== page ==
"This jury has been looking for those ideas that best connect the brand with the consumer," said Mr. Azevedo, president-integrated solutions at Neogama. "Some may argue [their entries] had better results or more varied execution across channels or had great art direction, but what the jury looked for was the idea behind it. [We wanted] a strong, simple, brilliant reflection of the idea behind the brand."
The winning campaign took the idea of a brand's DNA quite literally, crafting a series of limited-edition posters by using the blood of members of New Zealand's All Black rugby team (Adidas is the team's outfitter).
Another effort in the same Adidas campaign also received a Promo Lion during the first night of awards at the week-long Cannes Lions International Advertising Festival. The category is still too new to attract a critical mass of entries necessary to separate the Promo Lions winners into Gold, Silver and Bronze categories.
Leo Burnett, Sydney, was awarded two Promo Lions for its work for the World Wildlife Fund in Australia for a campaign called "Earth Hour." (Work done for non-governmental organizations, nonprofits and charities cannot be considered for the Grand Prix recognition.)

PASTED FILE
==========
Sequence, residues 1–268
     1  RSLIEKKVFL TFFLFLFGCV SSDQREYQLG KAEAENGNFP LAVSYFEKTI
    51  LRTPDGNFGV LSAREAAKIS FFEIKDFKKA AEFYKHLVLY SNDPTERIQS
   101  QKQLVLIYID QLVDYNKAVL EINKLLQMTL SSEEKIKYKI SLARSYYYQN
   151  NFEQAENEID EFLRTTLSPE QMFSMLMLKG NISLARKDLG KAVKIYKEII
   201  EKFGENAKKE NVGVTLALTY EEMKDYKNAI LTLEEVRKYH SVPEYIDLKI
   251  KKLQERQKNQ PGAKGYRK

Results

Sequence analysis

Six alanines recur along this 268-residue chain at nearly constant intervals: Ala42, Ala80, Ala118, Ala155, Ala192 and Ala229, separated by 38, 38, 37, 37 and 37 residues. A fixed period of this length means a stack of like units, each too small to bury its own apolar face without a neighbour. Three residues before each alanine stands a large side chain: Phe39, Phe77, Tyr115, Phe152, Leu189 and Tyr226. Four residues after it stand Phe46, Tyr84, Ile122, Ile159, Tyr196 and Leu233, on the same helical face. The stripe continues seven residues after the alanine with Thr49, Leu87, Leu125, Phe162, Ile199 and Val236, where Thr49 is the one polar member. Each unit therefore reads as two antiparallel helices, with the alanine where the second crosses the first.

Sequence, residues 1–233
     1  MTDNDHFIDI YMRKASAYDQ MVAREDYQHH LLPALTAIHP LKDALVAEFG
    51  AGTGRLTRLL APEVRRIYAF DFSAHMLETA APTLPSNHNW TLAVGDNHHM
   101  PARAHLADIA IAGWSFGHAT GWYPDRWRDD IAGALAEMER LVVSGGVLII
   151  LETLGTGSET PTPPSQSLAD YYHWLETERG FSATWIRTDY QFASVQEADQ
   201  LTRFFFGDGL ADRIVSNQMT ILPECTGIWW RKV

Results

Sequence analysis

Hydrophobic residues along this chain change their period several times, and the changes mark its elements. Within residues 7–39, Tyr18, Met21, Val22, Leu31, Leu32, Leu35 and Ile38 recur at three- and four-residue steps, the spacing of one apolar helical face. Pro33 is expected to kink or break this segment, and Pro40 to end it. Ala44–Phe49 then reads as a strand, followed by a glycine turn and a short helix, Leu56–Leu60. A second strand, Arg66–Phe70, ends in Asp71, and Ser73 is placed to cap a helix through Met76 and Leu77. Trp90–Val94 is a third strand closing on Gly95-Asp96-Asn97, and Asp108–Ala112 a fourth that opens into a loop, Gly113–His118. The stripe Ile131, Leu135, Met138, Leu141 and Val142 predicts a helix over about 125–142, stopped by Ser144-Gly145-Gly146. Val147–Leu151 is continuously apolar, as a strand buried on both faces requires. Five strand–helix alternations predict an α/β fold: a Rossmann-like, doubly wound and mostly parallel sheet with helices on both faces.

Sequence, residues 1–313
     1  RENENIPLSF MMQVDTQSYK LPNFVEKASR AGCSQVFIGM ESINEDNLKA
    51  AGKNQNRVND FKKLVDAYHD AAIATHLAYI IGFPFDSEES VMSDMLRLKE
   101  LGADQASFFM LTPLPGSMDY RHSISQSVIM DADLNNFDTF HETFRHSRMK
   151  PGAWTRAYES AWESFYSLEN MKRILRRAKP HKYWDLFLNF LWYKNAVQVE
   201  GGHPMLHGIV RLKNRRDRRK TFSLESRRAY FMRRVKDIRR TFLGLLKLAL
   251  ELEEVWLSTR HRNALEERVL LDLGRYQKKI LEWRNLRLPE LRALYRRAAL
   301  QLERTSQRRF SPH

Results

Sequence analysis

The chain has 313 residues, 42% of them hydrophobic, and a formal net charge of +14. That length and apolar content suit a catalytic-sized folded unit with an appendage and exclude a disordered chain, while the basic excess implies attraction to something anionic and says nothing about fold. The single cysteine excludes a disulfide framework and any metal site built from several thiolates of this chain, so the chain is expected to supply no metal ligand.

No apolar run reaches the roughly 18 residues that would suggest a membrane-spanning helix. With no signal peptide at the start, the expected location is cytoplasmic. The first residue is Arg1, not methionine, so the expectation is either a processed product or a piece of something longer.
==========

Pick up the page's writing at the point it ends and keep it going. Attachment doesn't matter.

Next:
"A charity will often easily strike an emotional chord" with a consumer, said jury member Jane Canapini, managing creative director, Capital C Communications, Canada. "We all struggle with activation, but [in the case of 'Bonded by Blood'] an emotional connection was built into the brand itself."
The sole American campaign recognized was Court TV's series of billboards in which a wife announces to the world she is divorcing her husband. The push, titled "That Girl Emily," is from Deep Focus, New York.